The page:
Do you recall the first time you were stung by a wasp? I do. As a young boy I was climbing a fence gate. Unknown to me a wasp nest was on the other side of the gate. I was stung three times on my shoulder and back. I remember being astonished and proud I endured the attack and survived.
Recently, I have received an unusual number of questions involving employees stung by an insect while at work. We live in a great state full of a vast array of creatures, most of which seem to bite or sting. Some can result in significant injuries. However, an insect stinging an employee at work does not automatically result in a compensable injury.
In many of these cases, the employee does not see or is unable to identify the insect. In Appeals Panel Decision No. 021666, the Appeals Panel explained an employee does not need to identify the particular creature that stung employee. However, the employee’s ability to recall an insect sting may impact his credibility as a historian. In many cases, while an insect sting is suspected, there is no evidence of the sting or where and when it may have occurred. Further, even if the sting occurs at work, the work must place the employee at a risk of harm for the sting.
In Standard Fire Insurance Company v. Cuellar, 468 S.W.2d 880 (Tex. Civ. App.-San Antonio 1971, writ ref’d n.r.e.), the court explained that an insect sting alone is insufficient to show the employee was injured while engaged in or about the furtherance of his employer’s business, without a showing that the employee’s injury was of such kind and character as had to do with and originated in the employer’s work, trade, business or profession. The employment must place the employee at a risk or hazard for the insect sting. Similarly, in Texas Workers’ Compensation Insurance Fund v. Simon, 980 S.W.2d 730 (Tex. Civ. App.—San Antonio 1998, no writ), the court held an employee must show the conditions and obligations in which employment placed the employee in harm’s way. Accordingly, the employment must put the employee at risk of harm for the insect sting. However, even if employment placed the employee at risk of harm for the sting, the sting must have been a producing cause of the alleged injury.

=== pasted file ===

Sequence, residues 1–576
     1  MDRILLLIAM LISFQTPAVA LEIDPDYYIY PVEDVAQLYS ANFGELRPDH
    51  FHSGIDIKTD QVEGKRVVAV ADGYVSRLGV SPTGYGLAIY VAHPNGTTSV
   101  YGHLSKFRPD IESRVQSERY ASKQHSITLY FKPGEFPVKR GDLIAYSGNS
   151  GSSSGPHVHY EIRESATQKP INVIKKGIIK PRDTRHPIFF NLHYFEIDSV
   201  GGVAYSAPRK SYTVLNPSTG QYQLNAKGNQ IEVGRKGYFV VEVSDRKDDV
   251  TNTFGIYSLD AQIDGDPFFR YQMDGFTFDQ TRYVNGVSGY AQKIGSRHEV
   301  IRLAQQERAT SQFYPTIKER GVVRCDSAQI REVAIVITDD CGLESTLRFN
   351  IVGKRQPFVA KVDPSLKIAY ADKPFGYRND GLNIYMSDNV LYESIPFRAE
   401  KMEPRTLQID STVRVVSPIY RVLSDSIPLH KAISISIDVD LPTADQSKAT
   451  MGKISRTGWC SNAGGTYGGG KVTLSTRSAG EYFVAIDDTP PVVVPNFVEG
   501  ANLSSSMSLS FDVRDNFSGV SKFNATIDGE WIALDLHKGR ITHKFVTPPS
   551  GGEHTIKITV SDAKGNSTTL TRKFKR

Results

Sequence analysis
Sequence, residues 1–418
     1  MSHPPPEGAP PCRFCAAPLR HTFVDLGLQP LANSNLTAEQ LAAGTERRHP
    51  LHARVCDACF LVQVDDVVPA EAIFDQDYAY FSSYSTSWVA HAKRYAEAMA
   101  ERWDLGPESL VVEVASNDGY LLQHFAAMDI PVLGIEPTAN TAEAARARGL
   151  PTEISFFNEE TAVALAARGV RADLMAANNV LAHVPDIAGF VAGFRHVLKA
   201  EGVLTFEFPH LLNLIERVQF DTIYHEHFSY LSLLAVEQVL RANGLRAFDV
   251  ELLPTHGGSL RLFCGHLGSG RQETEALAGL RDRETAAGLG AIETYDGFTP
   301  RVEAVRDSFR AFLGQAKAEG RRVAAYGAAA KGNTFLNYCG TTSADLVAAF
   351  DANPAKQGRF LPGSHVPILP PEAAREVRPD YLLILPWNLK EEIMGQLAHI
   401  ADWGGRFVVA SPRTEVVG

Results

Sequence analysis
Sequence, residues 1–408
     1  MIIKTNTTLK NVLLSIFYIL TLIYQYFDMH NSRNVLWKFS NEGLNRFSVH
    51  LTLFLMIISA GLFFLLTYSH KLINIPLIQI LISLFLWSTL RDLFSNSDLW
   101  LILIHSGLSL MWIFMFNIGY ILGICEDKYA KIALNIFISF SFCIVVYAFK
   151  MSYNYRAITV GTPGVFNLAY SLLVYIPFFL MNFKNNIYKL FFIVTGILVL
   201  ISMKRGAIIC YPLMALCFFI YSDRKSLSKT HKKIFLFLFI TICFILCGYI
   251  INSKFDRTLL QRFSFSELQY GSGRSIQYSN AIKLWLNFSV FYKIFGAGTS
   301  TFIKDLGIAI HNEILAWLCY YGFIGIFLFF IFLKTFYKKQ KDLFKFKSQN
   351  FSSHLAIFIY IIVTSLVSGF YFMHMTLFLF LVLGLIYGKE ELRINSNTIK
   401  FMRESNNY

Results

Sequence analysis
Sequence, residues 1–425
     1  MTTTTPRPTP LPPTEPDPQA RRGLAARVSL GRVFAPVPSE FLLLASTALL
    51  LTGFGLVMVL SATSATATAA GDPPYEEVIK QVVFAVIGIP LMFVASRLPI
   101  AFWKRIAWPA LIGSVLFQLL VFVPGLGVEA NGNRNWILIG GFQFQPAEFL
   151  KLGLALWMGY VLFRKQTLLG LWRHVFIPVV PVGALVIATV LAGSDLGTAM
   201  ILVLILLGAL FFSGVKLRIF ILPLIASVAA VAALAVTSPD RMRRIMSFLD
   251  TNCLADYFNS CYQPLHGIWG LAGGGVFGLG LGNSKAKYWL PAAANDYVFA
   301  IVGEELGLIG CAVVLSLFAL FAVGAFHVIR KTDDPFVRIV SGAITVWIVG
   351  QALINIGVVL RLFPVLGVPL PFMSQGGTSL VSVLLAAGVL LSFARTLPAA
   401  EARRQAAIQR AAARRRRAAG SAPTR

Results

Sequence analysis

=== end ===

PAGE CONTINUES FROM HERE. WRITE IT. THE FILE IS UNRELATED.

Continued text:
In Transcontinental Ins. Co. v. Crump, 330 S.W.3d 211 (Tex. 2010), the Supreme Court held “producing cause in workers’ compensation cases is defined as a substantial factor in bringing about an injury or death, and without which the injury or death would not have occurred.” In cases where causation is beyond common knowledge, causation must be established through expert medical evidence to a reasonable medical probability. In Texas Workers’ Compensation Commission Appeal No. 941464, the Appeals Panel found an employee was required to prove through medical evidence of a reasonable medical probability that the employee’s spider bite was a producing cause of the infection. Thus, to be compensable, the employee must have suffered an insect sting, the employment must have placed the employee in harm’s way for the sting, and the insect sting must be the producing cause of the alleged injury.
As creepy as they are, insects are everywhere. For the most part, people and insects get along fine. However, there are times, even in the workplace, where a showdown between the two occurs. Remember, in order for an insect sting to be compensable, the employee must have actually suffered the sting, the employment must have placed the employee in harm’s way for the sting, and the sting must be the producing cause of the alleged injury.